Meshing together the repeat play appeal of the Roguelike game category with a fun light-hearted take on airborne dogfight warfare, Rogue Aces is a joy to play and comes packed with a great deal of content. Newcomers to the genre will find some turbulence in adapting, and the multiplayer potential of the game's setup both online and off isn't realised at all. But for pure arcade fighter jet action on Switch, few games are more enjoyable.
More a refinement of the formula than a fresh take, Art of Balance graces a new platform and offers the same addictive puzzle action it always has. The host hardware greatly benefits both the quickplay nature of the game and its multiplayer features, making for a solid choice to new fans of the genre.
A promising closer to the Syberia trilogy of games, Syberia 3 meets hardship in the way of spotty performance in both visual and sound design. Kate Walker's latest adventure is coercive to devotees of the series, but difficult to recommend over the numerous top quality eShop games in the same genre.
An odd combination of automatons and a reflexive sport turns out to make for a pretty fun and addictive experience, overall. Disco Dodgeball Remix on Nintendo Switch doesn't quite have the player count necessary for a truly chaotic time online, but more than makes up for it with competent AI foes, a boundless list of modes and parameters to choose from, and sufficient offline options to enjoy.
The beauty of the world depicted within Candle: The Power of the Flame is immediately apparent, as it comes alive through striking design, superb musical direction, and memorable characters. Numerous design issues soon become apparent, yet regardless of this, dedicated fans of the adventure genre would be wise to give this one a look, albeit a cursory one as it requires patience and persistence.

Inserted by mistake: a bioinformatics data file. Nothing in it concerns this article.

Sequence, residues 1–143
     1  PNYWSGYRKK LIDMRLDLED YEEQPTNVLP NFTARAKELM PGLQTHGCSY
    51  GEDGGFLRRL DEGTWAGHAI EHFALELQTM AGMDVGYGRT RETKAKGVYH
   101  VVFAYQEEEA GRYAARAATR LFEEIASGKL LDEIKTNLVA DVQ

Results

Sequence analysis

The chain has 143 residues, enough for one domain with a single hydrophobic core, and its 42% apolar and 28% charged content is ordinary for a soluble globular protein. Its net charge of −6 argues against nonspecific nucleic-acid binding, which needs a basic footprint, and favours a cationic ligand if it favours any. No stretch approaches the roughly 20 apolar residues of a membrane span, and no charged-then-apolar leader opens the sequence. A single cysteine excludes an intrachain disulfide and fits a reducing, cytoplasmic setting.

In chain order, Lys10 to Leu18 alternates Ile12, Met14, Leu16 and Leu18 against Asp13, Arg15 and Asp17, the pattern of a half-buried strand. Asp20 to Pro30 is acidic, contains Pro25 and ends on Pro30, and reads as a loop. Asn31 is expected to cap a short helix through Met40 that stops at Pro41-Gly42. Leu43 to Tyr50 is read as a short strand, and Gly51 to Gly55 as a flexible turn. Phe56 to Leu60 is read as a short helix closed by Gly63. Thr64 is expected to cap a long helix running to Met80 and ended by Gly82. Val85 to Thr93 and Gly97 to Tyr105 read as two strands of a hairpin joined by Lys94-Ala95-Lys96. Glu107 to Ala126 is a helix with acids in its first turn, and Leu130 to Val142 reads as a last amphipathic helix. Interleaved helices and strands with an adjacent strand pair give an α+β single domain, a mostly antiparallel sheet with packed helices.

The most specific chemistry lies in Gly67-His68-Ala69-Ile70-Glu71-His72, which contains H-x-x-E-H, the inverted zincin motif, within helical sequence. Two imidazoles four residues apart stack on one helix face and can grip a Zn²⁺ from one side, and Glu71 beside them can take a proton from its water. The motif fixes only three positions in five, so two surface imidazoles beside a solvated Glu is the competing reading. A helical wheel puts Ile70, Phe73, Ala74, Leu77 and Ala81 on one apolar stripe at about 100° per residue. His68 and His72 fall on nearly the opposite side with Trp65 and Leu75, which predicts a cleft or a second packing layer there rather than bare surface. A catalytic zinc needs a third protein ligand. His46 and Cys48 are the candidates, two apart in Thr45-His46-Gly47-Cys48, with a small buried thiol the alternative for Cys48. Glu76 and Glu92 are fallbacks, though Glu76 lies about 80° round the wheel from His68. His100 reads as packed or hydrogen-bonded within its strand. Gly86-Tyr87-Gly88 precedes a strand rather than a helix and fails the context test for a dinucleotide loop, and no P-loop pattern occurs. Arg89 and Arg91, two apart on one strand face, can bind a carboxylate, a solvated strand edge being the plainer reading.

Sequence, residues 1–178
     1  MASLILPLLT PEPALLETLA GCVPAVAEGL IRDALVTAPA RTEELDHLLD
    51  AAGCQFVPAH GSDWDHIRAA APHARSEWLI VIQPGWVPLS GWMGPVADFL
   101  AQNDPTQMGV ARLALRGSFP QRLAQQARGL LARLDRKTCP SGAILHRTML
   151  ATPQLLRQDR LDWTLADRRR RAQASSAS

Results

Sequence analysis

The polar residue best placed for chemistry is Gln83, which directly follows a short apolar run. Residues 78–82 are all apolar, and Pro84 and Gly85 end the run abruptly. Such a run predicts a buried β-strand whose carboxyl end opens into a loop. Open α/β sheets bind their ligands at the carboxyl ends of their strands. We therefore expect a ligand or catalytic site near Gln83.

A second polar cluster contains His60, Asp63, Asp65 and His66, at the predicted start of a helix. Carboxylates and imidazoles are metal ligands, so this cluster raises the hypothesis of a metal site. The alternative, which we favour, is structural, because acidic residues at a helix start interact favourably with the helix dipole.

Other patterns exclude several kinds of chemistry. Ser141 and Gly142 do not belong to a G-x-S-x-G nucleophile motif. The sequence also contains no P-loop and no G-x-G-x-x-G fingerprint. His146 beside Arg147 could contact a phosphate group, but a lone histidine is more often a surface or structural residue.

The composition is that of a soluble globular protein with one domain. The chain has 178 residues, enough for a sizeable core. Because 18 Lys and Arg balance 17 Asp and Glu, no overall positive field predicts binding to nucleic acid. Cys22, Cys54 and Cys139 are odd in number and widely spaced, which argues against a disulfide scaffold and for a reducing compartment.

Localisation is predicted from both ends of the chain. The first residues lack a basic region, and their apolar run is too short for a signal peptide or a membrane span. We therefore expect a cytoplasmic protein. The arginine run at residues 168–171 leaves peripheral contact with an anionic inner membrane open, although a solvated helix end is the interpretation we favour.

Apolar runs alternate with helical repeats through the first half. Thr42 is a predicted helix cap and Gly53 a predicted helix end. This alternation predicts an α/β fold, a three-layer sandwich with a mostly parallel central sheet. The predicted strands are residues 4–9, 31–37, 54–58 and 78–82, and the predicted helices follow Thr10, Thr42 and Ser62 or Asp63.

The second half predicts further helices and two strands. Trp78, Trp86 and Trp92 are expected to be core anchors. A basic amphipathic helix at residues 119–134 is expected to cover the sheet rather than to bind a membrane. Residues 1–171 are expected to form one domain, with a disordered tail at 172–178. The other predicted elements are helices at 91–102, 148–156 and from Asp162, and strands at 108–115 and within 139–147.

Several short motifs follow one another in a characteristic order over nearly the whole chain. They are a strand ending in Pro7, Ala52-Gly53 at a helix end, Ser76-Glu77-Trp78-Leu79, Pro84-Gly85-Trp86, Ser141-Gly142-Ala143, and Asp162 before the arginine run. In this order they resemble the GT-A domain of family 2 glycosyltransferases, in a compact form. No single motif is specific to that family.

What begins as an arduous system to control, in time becomes a pleasure upon first race win, and the hidden depth of VSR: Void Space Racing's frictionless competitive courses is fully revealed. Offering a unique take on the racing genre as a whole, the biggest stumbling block, aside from the steep learning curve, is how little of the game there actually is, track and vehicle-wise, even with the low price-tag in mind.
Joining many other quality examples of its genre on Switch, Broken Sword 5: The Serpent's Curse continues the series' excellent storytelling and puzzle structure, with what is sure to please both fan and newcomer alike with fiendish brainteasers and the optional hint system. A more contained story structure, and character movement hitches aside, point-and-click adventure devotees will find a lot to love here.
Marking its first outing on a handheld device, Okami HD retains all of the elegance and charisma from even its non-HD days, packing it all into an epic adventure with a budget price and intuitive control inputs. There is a degree of repetition involved with certain battles and events, but even this takes little away from the tale that unfolds.
Very basic but highly approachable, with an addictive gameplay hook and cheap entry fee, Jumping Joe & Friends is a strong candidate for impulse purchasing on Nintendo Switch eShop, and offers more depth than its basic aesthetic would suggest. Online connectivity would have done wonders for potential replay value, but for pick-up-and-play Switch gaming, this one is hard to beat.